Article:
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Gender and Power Dynamics of Social Relationships Shape Willingness to Participate in Biomedical HIV Prevention Research Among South African Adolescents and Young Adults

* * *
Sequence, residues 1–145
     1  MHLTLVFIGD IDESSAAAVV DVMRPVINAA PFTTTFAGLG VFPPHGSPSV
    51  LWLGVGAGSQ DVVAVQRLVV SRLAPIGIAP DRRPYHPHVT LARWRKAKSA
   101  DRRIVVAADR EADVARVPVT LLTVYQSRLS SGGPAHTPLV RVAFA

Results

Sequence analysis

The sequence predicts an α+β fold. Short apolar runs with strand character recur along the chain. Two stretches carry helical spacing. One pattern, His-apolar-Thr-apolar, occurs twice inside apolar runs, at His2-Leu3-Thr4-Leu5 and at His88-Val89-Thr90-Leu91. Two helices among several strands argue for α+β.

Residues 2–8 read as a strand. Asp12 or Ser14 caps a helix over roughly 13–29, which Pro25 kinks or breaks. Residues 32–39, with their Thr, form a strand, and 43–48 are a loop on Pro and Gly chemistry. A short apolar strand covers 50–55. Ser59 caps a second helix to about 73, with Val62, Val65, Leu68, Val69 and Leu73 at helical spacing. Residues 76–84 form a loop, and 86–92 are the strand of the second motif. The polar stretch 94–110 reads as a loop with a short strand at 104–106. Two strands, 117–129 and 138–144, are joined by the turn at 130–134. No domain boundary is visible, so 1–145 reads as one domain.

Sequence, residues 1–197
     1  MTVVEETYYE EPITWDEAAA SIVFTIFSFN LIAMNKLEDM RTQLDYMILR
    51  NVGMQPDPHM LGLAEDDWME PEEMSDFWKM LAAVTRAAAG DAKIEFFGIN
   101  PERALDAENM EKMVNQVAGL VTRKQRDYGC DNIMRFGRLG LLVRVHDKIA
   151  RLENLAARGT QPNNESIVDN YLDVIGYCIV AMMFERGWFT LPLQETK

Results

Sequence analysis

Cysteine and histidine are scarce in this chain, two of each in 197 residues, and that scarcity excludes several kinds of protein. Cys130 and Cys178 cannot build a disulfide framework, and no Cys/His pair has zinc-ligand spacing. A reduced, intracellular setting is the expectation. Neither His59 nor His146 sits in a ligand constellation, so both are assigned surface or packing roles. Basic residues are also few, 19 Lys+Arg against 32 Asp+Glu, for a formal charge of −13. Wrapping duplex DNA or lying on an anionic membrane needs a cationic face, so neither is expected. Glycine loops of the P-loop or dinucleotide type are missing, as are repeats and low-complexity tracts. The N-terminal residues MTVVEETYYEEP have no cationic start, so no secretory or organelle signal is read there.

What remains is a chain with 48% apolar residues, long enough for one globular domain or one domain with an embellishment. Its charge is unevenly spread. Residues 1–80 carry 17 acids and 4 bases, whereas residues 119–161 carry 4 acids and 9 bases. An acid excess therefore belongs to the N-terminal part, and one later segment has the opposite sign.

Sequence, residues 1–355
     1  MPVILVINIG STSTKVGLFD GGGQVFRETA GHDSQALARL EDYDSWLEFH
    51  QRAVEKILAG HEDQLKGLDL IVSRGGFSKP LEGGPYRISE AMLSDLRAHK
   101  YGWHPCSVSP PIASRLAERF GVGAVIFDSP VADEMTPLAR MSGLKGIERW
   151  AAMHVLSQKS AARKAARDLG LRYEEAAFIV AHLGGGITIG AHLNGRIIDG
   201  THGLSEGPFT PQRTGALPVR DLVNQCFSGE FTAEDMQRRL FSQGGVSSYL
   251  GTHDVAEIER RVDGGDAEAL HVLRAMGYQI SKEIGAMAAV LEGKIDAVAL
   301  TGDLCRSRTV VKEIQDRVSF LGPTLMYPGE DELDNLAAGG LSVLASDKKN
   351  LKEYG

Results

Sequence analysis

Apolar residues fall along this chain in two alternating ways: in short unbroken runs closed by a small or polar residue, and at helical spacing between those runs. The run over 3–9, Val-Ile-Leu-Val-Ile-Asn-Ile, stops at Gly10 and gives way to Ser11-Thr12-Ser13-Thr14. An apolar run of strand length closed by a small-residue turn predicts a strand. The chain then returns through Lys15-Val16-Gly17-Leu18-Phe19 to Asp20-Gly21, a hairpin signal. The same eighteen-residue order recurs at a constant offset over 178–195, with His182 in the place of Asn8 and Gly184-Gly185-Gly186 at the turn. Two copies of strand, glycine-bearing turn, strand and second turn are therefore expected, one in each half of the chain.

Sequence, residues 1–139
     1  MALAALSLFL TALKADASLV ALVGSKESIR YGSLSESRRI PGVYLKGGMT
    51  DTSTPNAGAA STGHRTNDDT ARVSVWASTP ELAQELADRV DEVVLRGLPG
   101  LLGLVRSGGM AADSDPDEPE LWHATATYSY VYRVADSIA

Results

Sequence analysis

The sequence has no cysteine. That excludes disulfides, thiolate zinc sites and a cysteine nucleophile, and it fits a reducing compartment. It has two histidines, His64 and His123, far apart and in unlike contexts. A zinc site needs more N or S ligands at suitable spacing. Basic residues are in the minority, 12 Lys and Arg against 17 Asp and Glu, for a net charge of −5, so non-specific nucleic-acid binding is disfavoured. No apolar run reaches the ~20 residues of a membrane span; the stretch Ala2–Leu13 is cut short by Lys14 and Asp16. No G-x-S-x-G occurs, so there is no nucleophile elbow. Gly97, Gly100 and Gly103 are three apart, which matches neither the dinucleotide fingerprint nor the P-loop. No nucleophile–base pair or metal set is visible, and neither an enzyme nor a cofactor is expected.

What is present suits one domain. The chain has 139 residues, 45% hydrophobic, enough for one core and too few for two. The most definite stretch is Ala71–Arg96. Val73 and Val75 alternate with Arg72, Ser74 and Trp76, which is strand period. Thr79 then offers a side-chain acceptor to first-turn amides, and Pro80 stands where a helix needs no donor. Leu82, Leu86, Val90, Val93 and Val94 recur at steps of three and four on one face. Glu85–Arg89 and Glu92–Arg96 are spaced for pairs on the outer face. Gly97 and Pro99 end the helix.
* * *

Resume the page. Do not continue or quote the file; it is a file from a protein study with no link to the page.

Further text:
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Background: Understanding young women and men's perceived barriers and facilitators to participation in biomedical HIV prevention research is important for designing youth friendly services (YFS) and acceptable technologies, which are necessary for preventing high sustained HIV incidence in South Africa. This study explores the multileveled barriers and facilitators to young men and women's willingness to participate in hypothetical biomedical HIV prevention research. Methods: Eight age- (16–18 and 19–24 years) and gender-stratified focus group discussions (FGDs) were conducted using semi-structured interview guides to explore young South African women and men's willingness, perceived barriers, and facilitators to participating in biomedical HIV prevention research. FGD transcripts were uploaded to NVivo and coded collaboratively with youth study team members. Thematic analysis using Bronfenbrenner's ecological model (individual, inter-personal, community, and societal) was used to guide a deductive coding procedure, which was documented and compared by gender. Results: Thirty-one participants from Durban and 34 from Soweto participated in FGDs. Individual facilitators for participation were discussed more by young men and included financial incentives and altruism. Concerns about side-effects of biomedical products were a common barrier. Interpersonal relationships with peers, intimate partners and caregivers influenced young people's willingness to participate in HIV prevention research, more so among young women. For young women, gendered power dynamics and distrust of intimate partners and parents influenced both communication regarding participation and willingness to participate in research that is often stigmatized, due to societal norms around women's sexuality. On a societal level, participants expressed distrust in medical and research institutions, however a sense of community that was developed with the study staff of this project, was a motivator to participate in future studies. Discussion: At each level of the ecological model, we found participants expressed gendered barriers and facilitators for participation. Gender norms as well as distrust of partners, parents, and health care professionals were key barriers that cut across all levels. At each level participants discussed facilitators that were youth-engaged, underscoring the need to implement YFS, establish trust and address gender inequities within future biomedical HIV prevention studies wishing to engage and retain South African youth.
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